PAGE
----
Cannabidiol or CBD is the non-psychoactive component of cannabis. Dr. Gantois and her colleagues gave CBD to mice bred to model Fragile X syndrome from three weeks after birth. These mice are equivalent to young children. By the time the mice reached adulthood, their repetitive and social behaviors were the same as a control mouse. The researchers found similar improvements when treating mice bred to model Phelan-McDermid syndrome with CBD. The team are now studying how CBD interacts in the mouse brain to better understand why the drug affects behavior in this way.

Several other research groups in Canada and the USA are now running patient trials of metformin and CBD for Fragile X syndrome.

Dr. Gantois said: “This research and the outcome of the clinical trials could have a major impact on behavioral difficulties that people with Fragile X syndrome and Phelan-McDermid syndrome experience. The major strengths of these studies are that we are using approved drugs that can be taken throughout the lifetime and have minimal side effects. Taken at an early age, these drugs could ultimately improve speech delay, social interaction, and repetitive behavior in these developmental conditions.

“Using mouse models makes it possible to look in detail at what is happening in the brain, define the underlying cause of these conditions, and study behavior and the effect of targeted drugs. Of course, mouse brains are not the same as human brains, however, we can often translate the mouse behavior we study to human behaviors.”

The researchers are also studying the effects of these drugs on mouse models of other autism spectrum disorder-related conditions to see if they could have broader use.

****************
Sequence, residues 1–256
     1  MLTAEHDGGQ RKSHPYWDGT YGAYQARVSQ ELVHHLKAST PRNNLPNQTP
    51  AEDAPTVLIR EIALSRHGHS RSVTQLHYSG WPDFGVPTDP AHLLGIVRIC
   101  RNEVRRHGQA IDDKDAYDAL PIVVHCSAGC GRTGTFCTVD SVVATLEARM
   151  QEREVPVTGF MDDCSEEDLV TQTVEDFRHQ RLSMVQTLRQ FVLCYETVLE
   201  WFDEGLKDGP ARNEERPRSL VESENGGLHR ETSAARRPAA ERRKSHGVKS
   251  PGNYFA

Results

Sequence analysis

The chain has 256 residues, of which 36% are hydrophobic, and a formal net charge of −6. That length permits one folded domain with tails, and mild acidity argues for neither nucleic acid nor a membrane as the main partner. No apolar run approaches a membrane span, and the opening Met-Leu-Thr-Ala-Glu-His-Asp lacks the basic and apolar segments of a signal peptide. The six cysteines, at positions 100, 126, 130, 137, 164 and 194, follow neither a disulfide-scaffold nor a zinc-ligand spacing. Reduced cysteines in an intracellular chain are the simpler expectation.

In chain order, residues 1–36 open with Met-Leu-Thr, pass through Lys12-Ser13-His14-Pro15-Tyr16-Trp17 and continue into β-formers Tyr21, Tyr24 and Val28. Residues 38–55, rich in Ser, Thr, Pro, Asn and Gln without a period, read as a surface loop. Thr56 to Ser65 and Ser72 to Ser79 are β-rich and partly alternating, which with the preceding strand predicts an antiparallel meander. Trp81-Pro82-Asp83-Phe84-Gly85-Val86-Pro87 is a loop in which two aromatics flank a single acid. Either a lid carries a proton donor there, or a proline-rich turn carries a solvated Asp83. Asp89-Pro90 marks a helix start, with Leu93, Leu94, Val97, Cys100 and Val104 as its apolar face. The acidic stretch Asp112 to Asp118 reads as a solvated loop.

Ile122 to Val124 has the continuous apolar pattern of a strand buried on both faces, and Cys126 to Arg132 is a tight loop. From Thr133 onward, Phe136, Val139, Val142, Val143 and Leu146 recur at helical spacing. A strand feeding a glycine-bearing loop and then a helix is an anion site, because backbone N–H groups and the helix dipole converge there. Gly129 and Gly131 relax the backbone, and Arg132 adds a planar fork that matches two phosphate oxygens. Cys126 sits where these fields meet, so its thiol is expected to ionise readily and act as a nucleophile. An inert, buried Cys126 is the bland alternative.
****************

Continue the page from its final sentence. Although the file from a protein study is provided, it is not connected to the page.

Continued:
Professor Richard Roche is chair of the FENS Forum communication committee and Deputy Head of the Department of Psychology at Maynooth University, Maynooth, County Kildare, Ireland, and was not involved in the research. He said: “We need a lot more research to help us understand conditions like Fragile X and Phelan-McDermid and to find out how these developmental conditions can be treated to give children the best possible chance in life. Mouse models of these conditions give us a vital window into what is happening mechanistically inside the brain and allow us to study the possible benefits of new treatments.”

Notes

  1. “Repurposing of drugs for the treatment of Fragile X and Phelan McDermid syndromes”, by Ilse Gantois, Part of Scientific Symposia: S08 Dissecting mechanisms of disease in ASD models for developing and testing personalized treatments, 10:53 – 11:11 hrs CEST, Wednesday 26 June – Hall H, https://fens2024.abstractserver.com/program/#/details/presentations/71
  2. “Metformin ameliorates core deficits in a mouse model of fragile X syndrome” by Ilse Gantois, Arkady Khoutorsky, Jelena Popic, Argel Aguilar-Valles, Erika Freemantle, Ruifeng Cao, Vijendra Sharma, Tine Pooters, Anmol Nagpal, Agnieszka Skalecka, Vinh T Truong, Shane Wiebe, Isabelle A Groves, Seyed Mehdi Jafarnejad, Clément Chapat, Elizabeth A McCullagh, Karine Gamache, Karim Nader, Jean-Claude Lacaille, Christos G Gkogkas and Nahum Sonenberg, 15 May 2017, Nature Medicine.
    DOI: 10.1038/nm.4335

Funding: This study is mainly funded by FRAXA foundation, Canadian Fragile X foundation, CIHR, Mental Health Commission of Canada, and Brain Canada. The Azrieli Foundation is funding the human FXS metformin clinical trials.